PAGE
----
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Radek Jaros

Degree:

Masters in Major Programme Management

Year:

2017 - 19

By Radek Jaros

Why and when should we bother with such a cliché as change?

The Oxford context of change

It was our last taught session. Our last module where we could be together for the last time from early morning up to the evening, solving business cases and discussing the challenges of the modern business environment. One could read from our faces a mixture of feelings – from the relief heralding more time for our families and more sleep during the nights, to the twist of sadness and nostalgia, which stemmed from the inner feeling that from now on we won’t be seeing each other as often as for the past two years.

MMPM students

 

 

 

 

 

 

 

 

After our last session at Saïd Business School, we put on our gowns to feel again like Harry Potter’s fellas and got on the bus which was waiting to take us to the Sheldonian Theatre for the End of Course Ceremony. When you stroll through the streets of the city in a gown, you become a city attraction as well, and tourists hunt you to have you in a picture to show friends what real Oxford is. That’s quite awkward, but it’s a part of the tradition.

MMPM graduation

The ceremony itself reminded us again how difficult, as well as rewarding, these last years at Oxford were for each of us. We went through a process of improvement as managers, but also as human beings because we were exposed to numerous concepts, ideas, and cultures both in classes and during social events. It was the process we agreed on and consciously decided to sacrifice our time, energy, and money. We decided to take on this intellectual challenge to be more capable and deliver value to our companies. Certain people wonder why we bother, as almost every one of us have already had at least one advanced business degree such as MBA, MSc or PhD combined with significant job experience. For many, it looks like a perfect time for resting on laurels, work, and nurture our self-affectedness. I’ve heard questions with a similar context directed to me, and I’m glad that it’s not our case. We knew and still discover our areas for improvement because life is a continuous learning process. The best time to accelerate is to take the opportunity when the sea is calm because the storm will someday come – that’s certain.

 

 

 

 

 

 

 

 

 

How about companies?

MMPM lecture

 

 

 

 

 

 

Wait a second, isn’t it just a natural course of both life and business? That’s change. It can be beneficial, although sometimes difficult. It can be insignificant, and it feels like status-quo, but it’s always ongoing whether we want it or not. Time is passing, so the change is happening because, no matter what we believe in, we don’t deal with the constant environment.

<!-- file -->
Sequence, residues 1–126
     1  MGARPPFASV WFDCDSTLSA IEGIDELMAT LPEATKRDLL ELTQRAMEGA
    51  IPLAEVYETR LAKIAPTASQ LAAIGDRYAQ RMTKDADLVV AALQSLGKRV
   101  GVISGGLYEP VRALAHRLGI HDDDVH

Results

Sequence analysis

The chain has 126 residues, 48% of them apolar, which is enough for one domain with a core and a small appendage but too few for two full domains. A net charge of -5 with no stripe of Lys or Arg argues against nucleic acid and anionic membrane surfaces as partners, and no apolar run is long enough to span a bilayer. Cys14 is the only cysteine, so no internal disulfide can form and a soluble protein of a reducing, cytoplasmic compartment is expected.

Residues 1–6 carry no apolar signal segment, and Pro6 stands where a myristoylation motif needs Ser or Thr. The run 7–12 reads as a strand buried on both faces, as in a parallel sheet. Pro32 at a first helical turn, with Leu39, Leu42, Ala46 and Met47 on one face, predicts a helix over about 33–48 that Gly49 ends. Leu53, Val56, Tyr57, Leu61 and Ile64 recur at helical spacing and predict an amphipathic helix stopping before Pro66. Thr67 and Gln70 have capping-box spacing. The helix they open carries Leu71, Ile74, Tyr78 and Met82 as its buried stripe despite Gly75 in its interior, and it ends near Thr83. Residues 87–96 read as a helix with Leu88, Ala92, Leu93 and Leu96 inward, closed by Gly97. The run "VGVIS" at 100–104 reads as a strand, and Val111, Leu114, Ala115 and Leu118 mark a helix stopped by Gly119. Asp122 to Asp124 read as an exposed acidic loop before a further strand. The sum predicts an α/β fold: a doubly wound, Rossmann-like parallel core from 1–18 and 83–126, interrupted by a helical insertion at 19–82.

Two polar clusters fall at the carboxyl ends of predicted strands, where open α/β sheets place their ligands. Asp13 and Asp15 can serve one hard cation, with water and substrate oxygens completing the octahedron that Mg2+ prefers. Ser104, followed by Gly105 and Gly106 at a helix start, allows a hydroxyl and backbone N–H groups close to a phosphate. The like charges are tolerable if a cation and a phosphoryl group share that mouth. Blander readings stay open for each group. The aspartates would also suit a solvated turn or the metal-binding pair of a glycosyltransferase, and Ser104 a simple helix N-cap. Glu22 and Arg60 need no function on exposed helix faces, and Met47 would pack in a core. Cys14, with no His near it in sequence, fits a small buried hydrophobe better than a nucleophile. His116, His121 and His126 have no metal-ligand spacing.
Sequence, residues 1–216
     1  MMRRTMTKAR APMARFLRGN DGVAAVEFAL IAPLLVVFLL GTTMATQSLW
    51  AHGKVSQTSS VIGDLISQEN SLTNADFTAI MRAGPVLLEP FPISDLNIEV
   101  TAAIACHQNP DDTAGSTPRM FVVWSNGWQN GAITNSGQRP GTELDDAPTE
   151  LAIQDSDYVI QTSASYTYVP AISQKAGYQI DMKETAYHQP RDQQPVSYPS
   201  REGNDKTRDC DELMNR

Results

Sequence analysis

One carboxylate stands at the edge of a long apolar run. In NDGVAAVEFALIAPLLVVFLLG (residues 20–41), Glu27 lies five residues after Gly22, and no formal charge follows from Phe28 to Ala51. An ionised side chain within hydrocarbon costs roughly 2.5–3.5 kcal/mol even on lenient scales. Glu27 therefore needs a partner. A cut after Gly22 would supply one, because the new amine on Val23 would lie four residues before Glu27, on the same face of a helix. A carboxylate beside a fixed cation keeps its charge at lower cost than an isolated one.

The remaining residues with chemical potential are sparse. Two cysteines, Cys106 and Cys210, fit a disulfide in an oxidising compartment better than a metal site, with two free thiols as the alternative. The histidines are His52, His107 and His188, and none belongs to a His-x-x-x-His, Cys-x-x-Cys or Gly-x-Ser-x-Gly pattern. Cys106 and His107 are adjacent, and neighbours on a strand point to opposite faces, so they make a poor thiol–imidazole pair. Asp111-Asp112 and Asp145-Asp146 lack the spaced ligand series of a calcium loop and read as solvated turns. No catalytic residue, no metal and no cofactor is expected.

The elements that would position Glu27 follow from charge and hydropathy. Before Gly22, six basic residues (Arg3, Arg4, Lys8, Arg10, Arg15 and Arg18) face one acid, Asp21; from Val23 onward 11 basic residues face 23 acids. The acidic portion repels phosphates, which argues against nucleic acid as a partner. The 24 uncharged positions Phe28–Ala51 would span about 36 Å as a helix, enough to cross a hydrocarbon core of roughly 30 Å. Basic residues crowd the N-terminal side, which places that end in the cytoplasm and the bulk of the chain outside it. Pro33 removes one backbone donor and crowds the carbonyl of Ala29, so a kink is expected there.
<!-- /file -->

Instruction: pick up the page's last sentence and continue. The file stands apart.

Conclusion 1: “The only constant in life is change” – Heraclitus.

I met many managers who seemed not to remember this fact. They appeared to forgot it and happily enjoyed good results of the company like they were fixed. In this context, in companies we may think of reorganisation or transformation – the necessity for the turnaround may be usually inevitable when the need for using the passing time as a catalyst for beneficial change has been too long neglected. We should plan and transform to keep pace with the market or, what’s much better, set new trends for the future. When we don’t use time of prosperity wisely, we can find ourselves struggling in the state of decline within the next years. In the best-case scenario, we may remain strong but internally paralysed by stagnation which, still, leads us towards troubles in the future.

Conclusion 2: “If we do not take change by the hand, it will surely take us by the throat” – Winston Churchill

Change is not always easy. Especially, the change which is controlled and aimed at self-improvement or development of a company. When the change goes as usual in the disguise of status-quo, it’s painless. However, a beneficial change which is meant to bring significant progress is challenging and needs to be addressed appropriately. It takes dedication and persistence to succeed, but that’s the only way to leap.

Conclusion 3: “I was taught that the way of progress was neither swift nor easy” – Marie Sklodowska-Curie

Radek Jaros and Dean Peter Tufano

 

 

 

 

 

 

 

 

Is it worth the hassle?

The answer is short and obvious – yes, it is. Though, after answering this simple question, don’t forget that willingness and awareness does not equal to proper execution. Actually, these are completely different animals. To succeed, you need much more because organisational transformation, as a phenomenon, is multidisciplinary and complex. There is a space for analysis, planning, structuring, delivering, controlling, appraising, and much more. All of these are viewed differently in numerous concepts of which it is you who should pick the right one, the most suitable for the business case. Hey, and don’t forget – you would also need a different approach to change of yourself and change and development of your company. I won’t be now presenting you with particular solutions as this is not the purpose of this post. However, preparation for the future through a controlled and well-planned change will certainly bring benefit in the long term to both you and your organisation.

MMPM graduation

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